2 of 7 people found the following review helpful
Memoir as the mismeasure of the man,
This review is from: All the Strange Hours: The Excavation of a Life (Paperback)
Loren Eiseley is my greatest inspiration as a science-nature writer. I have posted 5-star Amazon reviews for his The Immense Journey: An Imaginative Naturalist Explores the Mysteries of Man and Nature and The Firmament of Time -- and for a compendium of his essays, The Star Thrower.
Please read any of those books before you read this one. Indeed, read "All the Strange Hours" only if you are seeking yet another sad example of (a) how the great contributors to science and the arts may be far from great individuals, and (b) why memoir so often detracts from an otherwise resounding legacy.
In "All the Strange Hours" you will catch glimpses of a nature mystic and supreme essayist, but only glimpses. What you will discover (page after page) is a bitter man who even as an elder has not grasped that a failure to forgive harms not the wrongdoer but oneself.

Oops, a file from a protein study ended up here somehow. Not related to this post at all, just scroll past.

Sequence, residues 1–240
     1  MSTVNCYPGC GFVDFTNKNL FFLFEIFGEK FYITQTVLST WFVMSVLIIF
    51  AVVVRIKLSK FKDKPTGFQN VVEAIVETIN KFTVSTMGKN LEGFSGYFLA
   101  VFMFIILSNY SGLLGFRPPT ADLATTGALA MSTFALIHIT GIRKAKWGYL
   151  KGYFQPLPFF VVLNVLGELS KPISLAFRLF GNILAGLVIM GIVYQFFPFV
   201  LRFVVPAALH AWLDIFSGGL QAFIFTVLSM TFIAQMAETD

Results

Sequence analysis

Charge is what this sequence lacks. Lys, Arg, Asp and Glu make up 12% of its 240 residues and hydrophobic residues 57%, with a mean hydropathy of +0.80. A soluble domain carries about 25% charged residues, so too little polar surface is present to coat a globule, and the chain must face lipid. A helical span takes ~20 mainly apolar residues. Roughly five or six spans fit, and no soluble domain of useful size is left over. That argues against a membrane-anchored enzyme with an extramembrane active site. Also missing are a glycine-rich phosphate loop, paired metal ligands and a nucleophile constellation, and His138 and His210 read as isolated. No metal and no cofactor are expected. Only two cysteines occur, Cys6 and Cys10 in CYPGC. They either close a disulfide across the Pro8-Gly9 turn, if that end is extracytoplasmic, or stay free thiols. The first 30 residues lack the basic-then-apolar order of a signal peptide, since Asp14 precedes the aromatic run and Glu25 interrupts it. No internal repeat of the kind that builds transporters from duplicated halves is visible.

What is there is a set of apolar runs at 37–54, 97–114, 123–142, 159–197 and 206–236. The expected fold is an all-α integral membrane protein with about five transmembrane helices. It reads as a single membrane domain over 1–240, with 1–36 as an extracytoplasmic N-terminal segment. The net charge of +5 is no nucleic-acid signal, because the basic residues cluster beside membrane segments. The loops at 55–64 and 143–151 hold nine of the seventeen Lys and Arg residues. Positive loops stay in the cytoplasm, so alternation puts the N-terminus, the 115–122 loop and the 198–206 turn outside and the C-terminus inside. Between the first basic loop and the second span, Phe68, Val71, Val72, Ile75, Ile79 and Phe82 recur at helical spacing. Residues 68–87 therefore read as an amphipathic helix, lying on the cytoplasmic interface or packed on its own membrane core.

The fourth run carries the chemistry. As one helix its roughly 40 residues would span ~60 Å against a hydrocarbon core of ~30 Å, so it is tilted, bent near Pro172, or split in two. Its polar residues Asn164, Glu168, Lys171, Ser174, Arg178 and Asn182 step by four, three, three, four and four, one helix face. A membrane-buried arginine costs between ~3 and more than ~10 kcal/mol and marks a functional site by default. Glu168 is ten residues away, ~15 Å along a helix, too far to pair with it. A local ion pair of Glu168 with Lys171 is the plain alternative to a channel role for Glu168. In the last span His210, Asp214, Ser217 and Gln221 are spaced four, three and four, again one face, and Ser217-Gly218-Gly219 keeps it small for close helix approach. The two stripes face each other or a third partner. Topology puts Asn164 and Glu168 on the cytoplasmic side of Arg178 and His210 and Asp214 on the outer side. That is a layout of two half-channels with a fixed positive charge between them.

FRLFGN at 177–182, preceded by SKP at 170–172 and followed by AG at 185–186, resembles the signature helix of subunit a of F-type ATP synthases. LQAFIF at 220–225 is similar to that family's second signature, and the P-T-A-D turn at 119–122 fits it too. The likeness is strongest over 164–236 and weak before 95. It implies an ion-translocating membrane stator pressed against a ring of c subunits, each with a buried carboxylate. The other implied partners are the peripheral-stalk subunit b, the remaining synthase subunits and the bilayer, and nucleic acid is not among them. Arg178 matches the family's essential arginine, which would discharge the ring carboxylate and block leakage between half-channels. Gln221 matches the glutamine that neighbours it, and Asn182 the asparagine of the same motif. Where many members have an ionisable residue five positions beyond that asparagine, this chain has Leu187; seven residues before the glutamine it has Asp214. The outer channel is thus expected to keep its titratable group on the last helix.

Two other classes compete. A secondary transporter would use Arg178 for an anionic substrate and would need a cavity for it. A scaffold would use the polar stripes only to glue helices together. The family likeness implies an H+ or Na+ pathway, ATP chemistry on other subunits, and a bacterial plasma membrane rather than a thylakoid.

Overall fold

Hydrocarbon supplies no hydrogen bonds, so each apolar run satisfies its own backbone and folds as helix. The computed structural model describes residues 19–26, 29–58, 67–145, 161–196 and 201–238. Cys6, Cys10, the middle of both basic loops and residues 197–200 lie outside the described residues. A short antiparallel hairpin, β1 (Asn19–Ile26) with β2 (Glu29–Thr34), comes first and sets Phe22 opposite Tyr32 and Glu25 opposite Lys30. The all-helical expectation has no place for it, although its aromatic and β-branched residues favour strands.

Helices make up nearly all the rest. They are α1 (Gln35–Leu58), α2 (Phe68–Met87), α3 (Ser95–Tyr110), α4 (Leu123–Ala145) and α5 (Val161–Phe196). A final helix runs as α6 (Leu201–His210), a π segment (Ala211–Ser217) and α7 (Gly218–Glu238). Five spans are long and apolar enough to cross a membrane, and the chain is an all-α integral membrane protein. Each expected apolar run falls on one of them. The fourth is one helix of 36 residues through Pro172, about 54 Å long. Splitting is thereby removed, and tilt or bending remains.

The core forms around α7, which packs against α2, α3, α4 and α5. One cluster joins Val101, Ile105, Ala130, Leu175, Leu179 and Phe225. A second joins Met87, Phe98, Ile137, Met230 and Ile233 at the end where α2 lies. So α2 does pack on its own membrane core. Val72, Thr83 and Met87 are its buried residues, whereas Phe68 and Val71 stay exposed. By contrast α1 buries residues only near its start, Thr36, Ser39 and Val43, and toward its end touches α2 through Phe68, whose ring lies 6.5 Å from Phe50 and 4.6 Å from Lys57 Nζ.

Then, again, perhaps the barrage of surly anecdotes against human transgressions long past (some of which strike this reader as outright trivial) lends crucial insight into why this "man in love with time" and supreme student of the history of evolutionary thought would achieve lasting greatness by upending the saccharine genre of nature writing and elevating the dark side of nature as worthy not only of contemplation but as the most dependable source of mystical insight.
Would that Eiseley could have loved the imperfect humans who wandered (mostly unbidden) into his life, just as he loved the pocked and predated realm of all that is nonhuman!
NOTE: This review was written by Michael Dowd's wife, science writer Connie Barlow.
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Initial post: Mar 22, 2014 1:00:17 PM PDT
J Kragt says:
Thanks you for your comments. They are not the majority view, but you have expressed something that sounds true and well-thought through.
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